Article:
Physical elements of data

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Physical elements of data

  1. 1. DARI BAB : PHYSICAL ELEMENTS OF DATA Dimara Kusuma Hakim, ST. STRUKTUR DAN PENYIMPANAN BASISDATA
  2. 2. <ul><li>tables, views, and data types. </li></ul>Physical Storage
  3. 3. Physical Storage tables, views, and data types. <ul><li>Tables </li></ul><ul><li>Tables are the building blocks on which relational databases are built. Underneath everything else, all data in your database ends up in a table. </li></ul><ul><li>Tables are made up of rows and columns. Like a single instance in an entity, each row stores information pertaining to a single record. For example, in an employee table, each row would store the information for a single employee. </li></ul><ul><li>The columns in the table store information about the rows in the table. The FirstName column in the Employee table would store the first names of all the employees. Columns map to attributes from your logical model , and, like the logical model, each column has a data type assigned. </li></ul>
  4. 4. cont… <ul><li>You can think of a table as a single spreadsheet in an application such as Microsoft Excel . In fact, an Excel spreadsheet is a table, but Excel is not a relational database management system . A database is really nothing more than a collection of tables that store information. Sure, there are many other objects in a database, but without tables you would not have any data. </li></ul><ul><li>Using SQL, you can manipulate the data in a table. The four basic Data Manipulation Language ( DML ) statements are defined as follows : </li></ul><ul><li>SELECT : Allows users to retrieve data in a table or tables </li></ul><ul><li>INSERT : Allows users to add data to a table </li></ul><ul><li>UPDATE : Allows users to change data in a table </li></ul><ul><li>DELETE : Allows users to remove data from a table </li></ul>
  5. 5. Views <ul><li>Views are simply stored SQL that uses SELECT statements to display data from one or more tables. </li></ul><ul><ul><li>The tables referenced by views are often referred to as the view’s base tables. </li></ul></ul><ul><ul><li>Views, as the name implies, allow you to create various pictures of the underlying information. You can reference as many or as few columns from each base table as you need to make your views. This capability allows you to slice up data and display only relevant information. </li></ul></ul>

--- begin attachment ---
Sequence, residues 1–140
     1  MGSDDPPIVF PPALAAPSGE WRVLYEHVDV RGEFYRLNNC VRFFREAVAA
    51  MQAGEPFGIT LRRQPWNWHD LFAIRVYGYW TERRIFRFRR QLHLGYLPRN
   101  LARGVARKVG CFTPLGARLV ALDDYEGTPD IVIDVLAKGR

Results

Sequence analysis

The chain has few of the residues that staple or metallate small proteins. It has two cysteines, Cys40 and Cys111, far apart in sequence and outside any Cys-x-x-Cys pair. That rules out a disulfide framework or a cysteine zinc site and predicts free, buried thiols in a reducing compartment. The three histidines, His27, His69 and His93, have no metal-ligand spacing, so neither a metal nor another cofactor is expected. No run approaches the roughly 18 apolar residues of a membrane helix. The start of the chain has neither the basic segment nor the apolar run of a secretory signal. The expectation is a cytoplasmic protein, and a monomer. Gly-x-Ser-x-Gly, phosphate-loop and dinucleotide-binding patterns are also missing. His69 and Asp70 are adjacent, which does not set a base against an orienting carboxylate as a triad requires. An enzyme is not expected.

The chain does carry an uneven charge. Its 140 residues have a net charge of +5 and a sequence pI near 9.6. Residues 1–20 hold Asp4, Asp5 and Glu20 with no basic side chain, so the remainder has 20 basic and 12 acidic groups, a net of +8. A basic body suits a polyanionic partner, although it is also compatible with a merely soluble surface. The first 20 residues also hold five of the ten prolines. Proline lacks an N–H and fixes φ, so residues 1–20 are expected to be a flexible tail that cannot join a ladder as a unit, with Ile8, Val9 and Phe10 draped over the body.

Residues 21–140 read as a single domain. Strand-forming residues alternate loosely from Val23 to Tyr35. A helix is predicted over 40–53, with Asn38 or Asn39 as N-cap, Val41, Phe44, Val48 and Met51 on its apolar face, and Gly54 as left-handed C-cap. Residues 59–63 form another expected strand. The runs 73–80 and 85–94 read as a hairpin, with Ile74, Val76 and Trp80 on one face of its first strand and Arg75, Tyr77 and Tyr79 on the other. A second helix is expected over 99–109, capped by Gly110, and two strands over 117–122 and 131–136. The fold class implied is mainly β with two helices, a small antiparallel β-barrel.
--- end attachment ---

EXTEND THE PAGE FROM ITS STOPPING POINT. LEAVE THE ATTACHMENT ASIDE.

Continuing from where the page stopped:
6. 6. cont… <ul><li>You access views in almost the same way that you access tables. </li></ul><ul><li>All the basic DML statements work against views in the same way they do on tables, with a few exceptions. </li></ul>
  7. 7. cont… <ul><li>If you have a view that references more than one base table, you can use only INSERT, UPDATE, or DELETE statements that reference columns from one base table. For example, let’s assume that we have a view that returns customer data from two tables. One table stores the customer’s information, and the other holds the address data for that customer. The definition of the customer_address view is as follows: </li></ul>
  8. 8. <ul><li>You can perform INSERT, UPDATE, and DELETE operations against the customer_address view as long as you reference only the customer table or the address table. </li></ul>
  9. 9. several reasons to use views : <ul><li>Obscure the complexity of the underlying tables </li></ul><ul><ul><li>eliminates the need for users to understand the entire database </li></ul></ul><ul><ul><li>allows you to change the tables or the location where the data is stored without affecting users </li></ul></ul><ul><ul><li>better manage security </li></ul></ul><ul><li>save time when querying your database </li></ul><ul><ul><li>execution plan is cached and reused the next time the view is called </li></ul></ul><ul><ul><li>For &quot; Nested Query &quot; (sub-query) reason, people tend to avoid the use of views or use them in inefficient ways. </li></ul></ul>
  10. 10. Data Types <ul><li>every column in each of your tables must be configured to store a specific type of data. You do this by associating a data type with the column. </li></ul><ul><li>Data types are what you use to specify the type, length, precision, and scale of data that can be stored in the column. </li></ul><ul><li>DB Server gives you several general categories of data types, with each category containing specific data types. </li></ul>
  11. 11. <ul><li>Numeric Data Types </li></ul>
  12. 12. <ul><li>Date and Time Data Types </li></ul><ul><ul><li>Datetime and Smalldatetime . For storage, datetime requires 8 bytes, and smalldatetime needs only 4 bytes. </li></ul></ul><ul><ul><ul><li>Datetime </li></ul></ul></ul><ul><ul><ul><ul><li>requires 8 bytes storage </li></ul></ul></ul></ul><ul><ul><ul><ul><li>can hold values from January 1, 1753, through December 31, 9999 </li></ul></ul></ul></ul><ul><ul><ul><ul><li>can be accurate to 3.33 milliseconds </li></ul></ul></ul></ul><ul><ul><ul><li>smalldatetime </li></ul></ul></ul><ul><ul><ul><ul><li>requires 4 bytes storage </li></ul></ul></ul></ul><ul><ul><ul><ul><li>accurate only to 1 minute </li></ul></ul></ul></ul>